Bishop Chad Zielinski: From Active Duty to Alaskan Shepherd
Serving the Church on the peripheries, from Air Force chaplain to remote parishes
From Northern Michigan to the Middle East, to the remote reaches of North America, and now back in the rural Midwest, Bishop Chad Zielinski, 57, has served the Church’s peripheries, bringing the life of Christ to members of the armed forces, native Alaskans and small-town parishioners alike. On Sept. 27, he was installed as the fifth bishop of the Diocese of New Ulm, Minnesota, an appointment that follows decades of physically demanding ministry.
Serving God and Country
Born and raised in Michigan, Zielinski enlisted in the Air Force after graduating from high school, attracted by service to the greater good of society, a sense of patriotism, a desire for travel, and the educational opportunities available. In the Air Force, he became involved in the military base’s close-knit parish community and helped teach religious education.
“I was close friends with the Catholic chaplain, and I got to see what he did on a day-to-day basis. God was stirring within me the desire for ministry, and people would say, ‘Have you ever thought about becoming a priest?’ God works through all that,” he told the Register Oct. 3.
A priest encouraged Zielinski to enter seminary to discern if God was calling him to the priesthood. After four years of active duty, Zielinski entered Mount Angel Seminary in St. Benedict, Oregon, where he earned a bachelor’s degree with honors in philosophy in 1989. He continued his formation as a seminarian for the Diocese of Gaylord and received his Master of Divinity degree in 1996 from Sacred Heart Major Seminary in Detroit. He was ordained to the priesthood on June 8, 1996.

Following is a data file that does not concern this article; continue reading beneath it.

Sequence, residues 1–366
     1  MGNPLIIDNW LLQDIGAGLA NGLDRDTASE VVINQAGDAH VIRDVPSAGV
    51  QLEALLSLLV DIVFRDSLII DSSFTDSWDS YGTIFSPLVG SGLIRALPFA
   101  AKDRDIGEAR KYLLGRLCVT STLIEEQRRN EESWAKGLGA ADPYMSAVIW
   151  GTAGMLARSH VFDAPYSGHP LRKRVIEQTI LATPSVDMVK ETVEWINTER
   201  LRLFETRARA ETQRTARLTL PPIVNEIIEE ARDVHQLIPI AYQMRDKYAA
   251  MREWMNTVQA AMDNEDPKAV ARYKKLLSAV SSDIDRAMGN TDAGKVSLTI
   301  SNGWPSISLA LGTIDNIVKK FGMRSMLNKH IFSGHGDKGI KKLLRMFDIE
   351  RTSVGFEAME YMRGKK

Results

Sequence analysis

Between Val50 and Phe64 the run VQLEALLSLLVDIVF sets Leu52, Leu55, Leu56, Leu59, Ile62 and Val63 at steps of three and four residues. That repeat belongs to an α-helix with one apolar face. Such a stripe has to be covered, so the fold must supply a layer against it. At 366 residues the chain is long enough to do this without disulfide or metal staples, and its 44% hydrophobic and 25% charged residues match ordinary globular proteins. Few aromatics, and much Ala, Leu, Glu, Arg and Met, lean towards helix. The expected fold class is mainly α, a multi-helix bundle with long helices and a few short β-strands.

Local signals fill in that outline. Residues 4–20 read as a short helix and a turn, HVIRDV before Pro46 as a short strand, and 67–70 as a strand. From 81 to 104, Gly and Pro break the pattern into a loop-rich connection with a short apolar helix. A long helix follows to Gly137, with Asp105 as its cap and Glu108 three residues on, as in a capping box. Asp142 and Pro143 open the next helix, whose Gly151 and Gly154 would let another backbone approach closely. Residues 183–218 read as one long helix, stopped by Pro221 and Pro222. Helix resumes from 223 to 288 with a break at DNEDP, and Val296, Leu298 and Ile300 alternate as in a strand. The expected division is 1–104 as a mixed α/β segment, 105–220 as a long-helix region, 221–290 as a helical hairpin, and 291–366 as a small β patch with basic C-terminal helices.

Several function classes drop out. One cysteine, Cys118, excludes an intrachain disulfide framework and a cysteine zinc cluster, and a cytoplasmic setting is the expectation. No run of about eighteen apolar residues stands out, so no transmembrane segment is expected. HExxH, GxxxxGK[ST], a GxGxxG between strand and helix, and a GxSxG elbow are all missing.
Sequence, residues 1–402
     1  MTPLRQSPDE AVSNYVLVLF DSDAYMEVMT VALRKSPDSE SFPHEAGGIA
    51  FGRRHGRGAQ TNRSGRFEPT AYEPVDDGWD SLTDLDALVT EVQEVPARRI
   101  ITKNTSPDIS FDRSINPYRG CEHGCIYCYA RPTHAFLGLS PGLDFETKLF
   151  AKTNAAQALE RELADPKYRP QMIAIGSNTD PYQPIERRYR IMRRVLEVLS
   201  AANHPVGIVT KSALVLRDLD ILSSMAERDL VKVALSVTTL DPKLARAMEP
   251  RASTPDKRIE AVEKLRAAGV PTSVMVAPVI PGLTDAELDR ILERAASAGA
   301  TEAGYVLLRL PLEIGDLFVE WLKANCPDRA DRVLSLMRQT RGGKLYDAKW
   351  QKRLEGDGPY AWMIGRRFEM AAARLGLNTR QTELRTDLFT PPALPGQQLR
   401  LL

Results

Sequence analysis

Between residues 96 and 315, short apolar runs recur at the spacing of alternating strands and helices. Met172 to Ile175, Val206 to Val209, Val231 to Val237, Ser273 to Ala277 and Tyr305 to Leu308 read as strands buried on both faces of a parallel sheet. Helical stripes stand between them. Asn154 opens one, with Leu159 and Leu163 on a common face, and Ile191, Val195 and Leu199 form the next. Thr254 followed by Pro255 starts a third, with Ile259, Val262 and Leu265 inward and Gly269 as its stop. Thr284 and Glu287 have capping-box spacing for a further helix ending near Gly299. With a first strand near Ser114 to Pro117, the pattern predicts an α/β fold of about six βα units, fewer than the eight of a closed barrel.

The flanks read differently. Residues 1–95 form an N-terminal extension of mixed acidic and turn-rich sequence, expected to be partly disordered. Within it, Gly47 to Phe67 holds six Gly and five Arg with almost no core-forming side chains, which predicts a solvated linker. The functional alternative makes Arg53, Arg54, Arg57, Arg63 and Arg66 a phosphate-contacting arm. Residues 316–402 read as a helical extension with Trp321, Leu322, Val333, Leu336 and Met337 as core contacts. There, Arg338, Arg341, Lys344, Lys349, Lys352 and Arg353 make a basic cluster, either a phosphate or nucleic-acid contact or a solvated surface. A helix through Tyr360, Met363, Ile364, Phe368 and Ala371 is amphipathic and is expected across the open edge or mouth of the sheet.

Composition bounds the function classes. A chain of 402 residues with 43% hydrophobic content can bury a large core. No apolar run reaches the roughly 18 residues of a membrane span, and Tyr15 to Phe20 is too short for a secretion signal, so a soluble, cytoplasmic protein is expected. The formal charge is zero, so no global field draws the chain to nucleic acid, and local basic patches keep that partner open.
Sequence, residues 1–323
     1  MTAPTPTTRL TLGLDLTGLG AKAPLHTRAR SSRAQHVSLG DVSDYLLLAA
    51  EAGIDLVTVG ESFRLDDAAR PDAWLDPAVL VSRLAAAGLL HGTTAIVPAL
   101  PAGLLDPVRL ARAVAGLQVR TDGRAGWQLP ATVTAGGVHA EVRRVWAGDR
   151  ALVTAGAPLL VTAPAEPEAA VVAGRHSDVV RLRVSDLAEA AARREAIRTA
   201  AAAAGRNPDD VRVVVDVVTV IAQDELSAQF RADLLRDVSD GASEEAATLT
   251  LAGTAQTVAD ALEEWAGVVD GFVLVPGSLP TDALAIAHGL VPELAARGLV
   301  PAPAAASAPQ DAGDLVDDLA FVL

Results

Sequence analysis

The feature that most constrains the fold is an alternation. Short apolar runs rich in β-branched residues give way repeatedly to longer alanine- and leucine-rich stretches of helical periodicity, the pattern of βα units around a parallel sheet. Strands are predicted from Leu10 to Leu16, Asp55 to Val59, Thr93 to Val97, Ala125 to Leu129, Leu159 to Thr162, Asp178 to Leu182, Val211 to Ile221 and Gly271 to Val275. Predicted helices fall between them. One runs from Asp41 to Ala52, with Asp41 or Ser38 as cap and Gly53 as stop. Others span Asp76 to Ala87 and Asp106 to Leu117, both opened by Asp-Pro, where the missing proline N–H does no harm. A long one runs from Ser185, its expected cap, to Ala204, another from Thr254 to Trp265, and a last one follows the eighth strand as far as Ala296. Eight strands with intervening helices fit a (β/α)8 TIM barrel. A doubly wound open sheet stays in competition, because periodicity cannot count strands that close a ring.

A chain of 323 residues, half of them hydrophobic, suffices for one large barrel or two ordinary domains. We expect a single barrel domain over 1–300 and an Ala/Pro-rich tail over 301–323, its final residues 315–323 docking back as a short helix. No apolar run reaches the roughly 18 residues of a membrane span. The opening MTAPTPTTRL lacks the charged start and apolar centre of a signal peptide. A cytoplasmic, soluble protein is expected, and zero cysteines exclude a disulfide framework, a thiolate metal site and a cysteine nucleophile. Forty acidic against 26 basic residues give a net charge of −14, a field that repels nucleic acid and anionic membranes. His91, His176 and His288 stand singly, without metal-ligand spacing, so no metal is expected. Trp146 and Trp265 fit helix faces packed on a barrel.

A Return to Active Duty
After the terrorist attacks of Sept. 11, 2001, the military increased its recruitment of chaplains, and Father Zielinski received a letter asking him to consider serving in the military once more. He told the recruiter that he was considering service as a chaplain but that he hadn’t spoken to his bishop yet.
“The recruiter picked up the phone when he saw my email and called me within 10 minutes. He said, ‘We need you tomorrow,’” Bishop Zielinski recalled. He prayed about the decision before approaching Bishop Patrick Cooney of Gaylord, Michigan, and explaining the great need for chaplains. Bishop Cooney approved his return to military service.
“I kept in touch with Bishop Cooney. Within a year, I was deployed to Baghdad, shortly after the war kicked off, and I kept him updated on what life was like as a chaplain. He was a bit older than my father, and he would always tell me that he felt like he had a son in the military who had gone off to war,” Bishop Zielinski said.
Father Zielinski served in three combat deployments. Because of the need for Catholic chaplains, he would often celebrate seven or eight Masses on a weekend, serving not only the Air Force, but also the Navy, Army, Marines and international forces.
As a chaplain, Father Zielinski celebrated Mass anywhere he could, sometimes in a chapel tent, other times in the field. In Afghanistan, he flew by helicopter to 19 different combat outposts to provide Mass and ministry presence. Once, he celebrated Mass with a priest from the Czech army on top of a mountain. They had climbed up the mountainside to visit a sniper team and had to construct a makeshift altar out of MREs for Mass.
In the military, the chaplain has privileged communication, so people of all faiths came to speak with Father Zielinski because their conversations could be fully confidential.
“We had this expression: that I was a priest to the Catholics and a chaplain to all,” he said.
Life as an Alaskan Shepherd
After returning from his combat deployments, Zielinski served at the U.S. Air Force Academy in Colorado Springs, Colorado, as vocation recruiter for the Archdiocese for the Military Services, USA, and as chaplain of Eielson Air Force Base in Alaska. He received numerous military awards and decorations for his service and was promoted to major in July 2013.